This chapter provides information on the purification and subunit composition of cytochrome c1 from bakers' yeast Saccharomyces cerevisiae. The purification of yeast cytochrome c, has allowed the study of its synthesis and incorporation into the inner mitochondrial membrane and initial studies of its structure with relationship to the rest of the cytochrome b-c1 complex. This procedure for the purification of yeast cytochrome cl yields a product with a heme cl content equal to or greater than that obtained with the analogous cytochrome from bovine heart. Yeast cytochrome c1 is reduced by dithionite or ascorbate and oxidized by ferricyanide, persulfate, or hydrogen peroxide. It is isolated in the reduced form; the reduced form does not react with oxygen, nor does it bind with carbon monoxide. This suggests that the environment of the heme group is not grossly altered relative to the membrane-bound cytochrome. Yeast cytochrome c1 is stable at 0°–4° in neutral buffer for several months, as determined by lack of spectral change and lack of autoxidizability.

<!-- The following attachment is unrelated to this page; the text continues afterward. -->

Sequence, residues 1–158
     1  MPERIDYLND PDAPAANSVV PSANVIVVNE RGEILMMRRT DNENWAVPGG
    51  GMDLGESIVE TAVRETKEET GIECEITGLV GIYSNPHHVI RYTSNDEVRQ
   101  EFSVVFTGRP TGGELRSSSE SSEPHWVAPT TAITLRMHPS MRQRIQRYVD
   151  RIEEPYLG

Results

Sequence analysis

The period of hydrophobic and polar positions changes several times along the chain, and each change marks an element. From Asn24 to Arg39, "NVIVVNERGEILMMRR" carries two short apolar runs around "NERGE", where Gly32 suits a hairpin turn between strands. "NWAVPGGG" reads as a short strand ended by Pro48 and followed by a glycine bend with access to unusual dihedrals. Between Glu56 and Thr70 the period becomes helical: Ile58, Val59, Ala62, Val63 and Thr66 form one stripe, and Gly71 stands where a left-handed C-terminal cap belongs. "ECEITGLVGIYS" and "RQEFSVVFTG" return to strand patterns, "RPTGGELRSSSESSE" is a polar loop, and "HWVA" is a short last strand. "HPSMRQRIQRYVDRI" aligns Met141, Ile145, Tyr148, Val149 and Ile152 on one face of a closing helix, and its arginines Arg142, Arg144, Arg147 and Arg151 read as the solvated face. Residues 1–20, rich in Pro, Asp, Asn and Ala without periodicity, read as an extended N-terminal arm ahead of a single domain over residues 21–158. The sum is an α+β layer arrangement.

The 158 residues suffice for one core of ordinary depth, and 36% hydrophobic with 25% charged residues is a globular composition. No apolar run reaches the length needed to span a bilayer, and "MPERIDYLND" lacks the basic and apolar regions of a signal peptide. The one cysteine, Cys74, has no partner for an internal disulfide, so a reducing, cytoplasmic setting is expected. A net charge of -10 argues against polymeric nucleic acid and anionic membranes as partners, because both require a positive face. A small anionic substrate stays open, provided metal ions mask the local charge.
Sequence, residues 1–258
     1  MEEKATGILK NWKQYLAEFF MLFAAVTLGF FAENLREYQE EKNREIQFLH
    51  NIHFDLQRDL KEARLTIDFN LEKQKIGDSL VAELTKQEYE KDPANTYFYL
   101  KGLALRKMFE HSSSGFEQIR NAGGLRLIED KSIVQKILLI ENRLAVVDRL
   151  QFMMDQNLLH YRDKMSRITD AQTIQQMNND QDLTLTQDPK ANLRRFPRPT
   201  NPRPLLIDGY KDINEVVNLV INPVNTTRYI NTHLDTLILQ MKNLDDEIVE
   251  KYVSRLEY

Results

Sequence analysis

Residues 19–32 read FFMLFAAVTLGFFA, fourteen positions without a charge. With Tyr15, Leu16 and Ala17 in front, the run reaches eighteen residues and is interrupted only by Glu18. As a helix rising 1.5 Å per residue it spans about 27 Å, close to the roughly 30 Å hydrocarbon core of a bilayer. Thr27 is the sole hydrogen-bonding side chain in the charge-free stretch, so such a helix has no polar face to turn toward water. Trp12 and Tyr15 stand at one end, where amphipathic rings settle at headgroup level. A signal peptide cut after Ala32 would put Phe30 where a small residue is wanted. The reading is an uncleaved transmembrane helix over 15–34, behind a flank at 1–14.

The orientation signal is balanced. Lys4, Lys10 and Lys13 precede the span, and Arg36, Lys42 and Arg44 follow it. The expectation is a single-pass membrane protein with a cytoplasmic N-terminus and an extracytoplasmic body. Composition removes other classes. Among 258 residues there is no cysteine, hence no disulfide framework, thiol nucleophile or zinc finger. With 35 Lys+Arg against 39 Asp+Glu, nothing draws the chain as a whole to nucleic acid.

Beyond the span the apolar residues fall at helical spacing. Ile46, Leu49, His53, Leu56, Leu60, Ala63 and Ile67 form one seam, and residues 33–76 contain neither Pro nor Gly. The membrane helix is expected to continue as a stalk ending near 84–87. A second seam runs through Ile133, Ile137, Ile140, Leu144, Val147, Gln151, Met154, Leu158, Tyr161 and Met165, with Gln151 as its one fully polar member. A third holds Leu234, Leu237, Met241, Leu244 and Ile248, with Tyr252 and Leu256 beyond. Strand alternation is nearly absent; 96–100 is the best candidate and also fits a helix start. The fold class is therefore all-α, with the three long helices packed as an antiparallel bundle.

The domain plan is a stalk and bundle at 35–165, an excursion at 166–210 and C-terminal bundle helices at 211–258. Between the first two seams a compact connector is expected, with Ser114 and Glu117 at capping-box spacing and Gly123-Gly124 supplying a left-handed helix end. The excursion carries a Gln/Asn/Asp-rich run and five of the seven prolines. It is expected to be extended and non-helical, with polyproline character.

ASJC Scopus subject areas
- Molecular Biology